Rough caps over smooth acorns; bumpy pine cones; round, smooth freshly picked apples; crunchy, crackling leaves; cozy wool socks signifying an end to the barefoot days of summer: these, to me, are how fall feels. I wanted to share these feelings with my boys, and have them focus on their sense of touch with these objects.
Sense of Touch Setup
I gathered our supplies- acorns, pine cones, an apple, a handful of leaves, a pair of socks, 5 bags and a bandanna to use as a blindfold. I wrote the word “Fall” on each bag.
Playing The Game:
This game was one of those great games that can be tailored by age group, so that both of my boys had an equal amount of fun with it.
Preschooler: My son read the word “Fall” on each bag. He’s still a pre-reader, recognizing certain words he sees repeatedly, including some of the -all family. He was beyond thrilled when he could read the word on each of the bags.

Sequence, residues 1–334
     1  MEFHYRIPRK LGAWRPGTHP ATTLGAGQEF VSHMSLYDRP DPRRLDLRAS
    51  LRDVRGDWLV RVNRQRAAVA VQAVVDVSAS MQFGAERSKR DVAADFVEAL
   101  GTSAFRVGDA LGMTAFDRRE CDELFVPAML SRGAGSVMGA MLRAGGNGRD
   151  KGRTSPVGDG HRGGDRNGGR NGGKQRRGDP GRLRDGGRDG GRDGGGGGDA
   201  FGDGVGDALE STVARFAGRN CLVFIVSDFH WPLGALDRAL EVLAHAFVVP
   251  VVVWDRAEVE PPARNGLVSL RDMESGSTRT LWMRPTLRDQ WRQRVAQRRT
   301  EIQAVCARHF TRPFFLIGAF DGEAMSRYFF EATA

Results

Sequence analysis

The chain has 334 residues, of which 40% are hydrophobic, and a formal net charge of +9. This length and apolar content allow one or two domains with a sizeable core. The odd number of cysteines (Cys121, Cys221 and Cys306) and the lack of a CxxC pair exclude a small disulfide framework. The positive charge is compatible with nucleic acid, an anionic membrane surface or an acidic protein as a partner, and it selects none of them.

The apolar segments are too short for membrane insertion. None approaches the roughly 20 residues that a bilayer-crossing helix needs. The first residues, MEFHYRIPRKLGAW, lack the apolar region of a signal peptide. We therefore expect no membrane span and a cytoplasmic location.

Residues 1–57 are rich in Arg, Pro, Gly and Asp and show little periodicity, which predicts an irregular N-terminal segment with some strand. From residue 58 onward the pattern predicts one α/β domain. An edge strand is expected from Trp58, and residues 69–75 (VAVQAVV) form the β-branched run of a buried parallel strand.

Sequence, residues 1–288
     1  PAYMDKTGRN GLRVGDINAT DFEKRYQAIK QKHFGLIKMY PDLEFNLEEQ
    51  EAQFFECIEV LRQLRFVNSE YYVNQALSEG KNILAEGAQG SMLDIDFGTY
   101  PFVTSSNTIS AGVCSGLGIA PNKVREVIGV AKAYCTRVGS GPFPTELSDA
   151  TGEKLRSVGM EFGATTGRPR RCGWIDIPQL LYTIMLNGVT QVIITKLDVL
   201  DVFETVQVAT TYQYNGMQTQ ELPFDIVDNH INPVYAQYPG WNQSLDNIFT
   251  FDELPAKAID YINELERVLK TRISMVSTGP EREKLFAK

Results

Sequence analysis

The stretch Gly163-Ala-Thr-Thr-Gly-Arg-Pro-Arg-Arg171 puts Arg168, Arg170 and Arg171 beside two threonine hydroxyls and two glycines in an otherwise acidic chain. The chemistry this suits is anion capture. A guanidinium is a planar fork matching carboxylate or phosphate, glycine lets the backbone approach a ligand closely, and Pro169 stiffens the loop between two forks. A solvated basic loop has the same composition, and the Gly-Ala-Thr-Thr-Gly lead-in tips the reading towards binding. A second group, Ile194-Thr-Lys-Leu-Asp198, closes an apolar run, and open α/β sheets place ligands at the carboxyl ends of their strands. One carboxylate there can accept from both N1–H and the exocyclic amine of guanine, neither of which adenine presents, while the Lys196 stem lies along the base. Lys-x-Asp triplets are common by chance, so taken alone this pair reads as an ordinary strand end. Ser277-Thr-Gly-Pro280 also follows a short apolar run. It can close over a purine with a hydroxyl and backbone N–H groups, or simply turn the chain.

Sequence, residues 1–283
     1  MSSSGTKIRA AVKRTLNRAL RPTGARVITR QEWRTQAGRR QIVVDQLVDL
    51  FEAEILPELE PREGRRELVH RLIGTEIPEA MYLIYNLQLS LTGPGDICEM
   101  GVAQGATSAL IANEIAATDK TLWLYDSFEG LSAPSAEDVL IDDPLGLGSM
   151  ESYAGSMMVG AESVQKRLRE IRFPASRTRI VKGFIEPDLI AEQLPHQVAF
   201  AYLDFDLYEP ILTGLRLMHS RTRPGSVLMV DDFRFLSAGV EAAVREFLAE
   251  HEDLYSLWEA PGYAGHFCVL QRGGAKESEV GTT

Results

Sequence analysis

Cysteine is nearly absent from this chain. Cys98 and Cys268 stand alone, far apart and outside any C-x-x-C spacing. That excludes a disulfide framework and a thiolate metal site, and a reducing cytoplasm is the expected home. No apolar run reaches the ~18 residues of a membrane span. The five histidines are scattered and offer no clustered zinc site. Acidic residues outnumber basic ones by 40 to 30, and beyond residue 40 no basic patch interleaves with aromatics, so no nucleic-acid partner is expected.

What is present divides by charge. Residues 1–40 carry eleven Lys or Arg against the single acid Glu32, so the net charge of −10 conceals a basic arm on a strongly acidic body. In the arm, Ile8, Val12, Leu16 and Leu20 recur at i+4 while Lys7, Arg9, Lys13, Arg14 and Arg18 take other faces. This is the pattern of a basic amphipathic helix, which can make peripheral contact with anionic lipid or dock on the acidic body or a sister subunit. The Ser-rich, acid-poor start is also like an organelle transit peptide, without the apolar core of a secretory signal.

I blindfolded him, and he reached his hands in and felt inside the bags, giving me his guess as to what was inside. Then he pulled the object out to see what was actually in the bag and we talked some more about it- how it felt, other things that feel similar (he thought the pine cone felt like tree bark and the leaves reminded him of paper).
Baby: My 14 month also enjoyed reaching into the bags and pulling out the objects inside. He had absolutely no interest in being blindfolded, but he insisted on having a bandanna around his head.
As my baby pulled objects out of the bags, my older son and I described how each one felt to us. My younger son turned the fall objects around in his own hands, and then handed them to his big brother. For very young babies, no bags would be necessary- you could just help them explore the feeling of the objects (reminder to watch the little ones very carefully- especially if you are using small objects like acorns).
When we finished, the boys decided on a perfect autumn snack- an apple!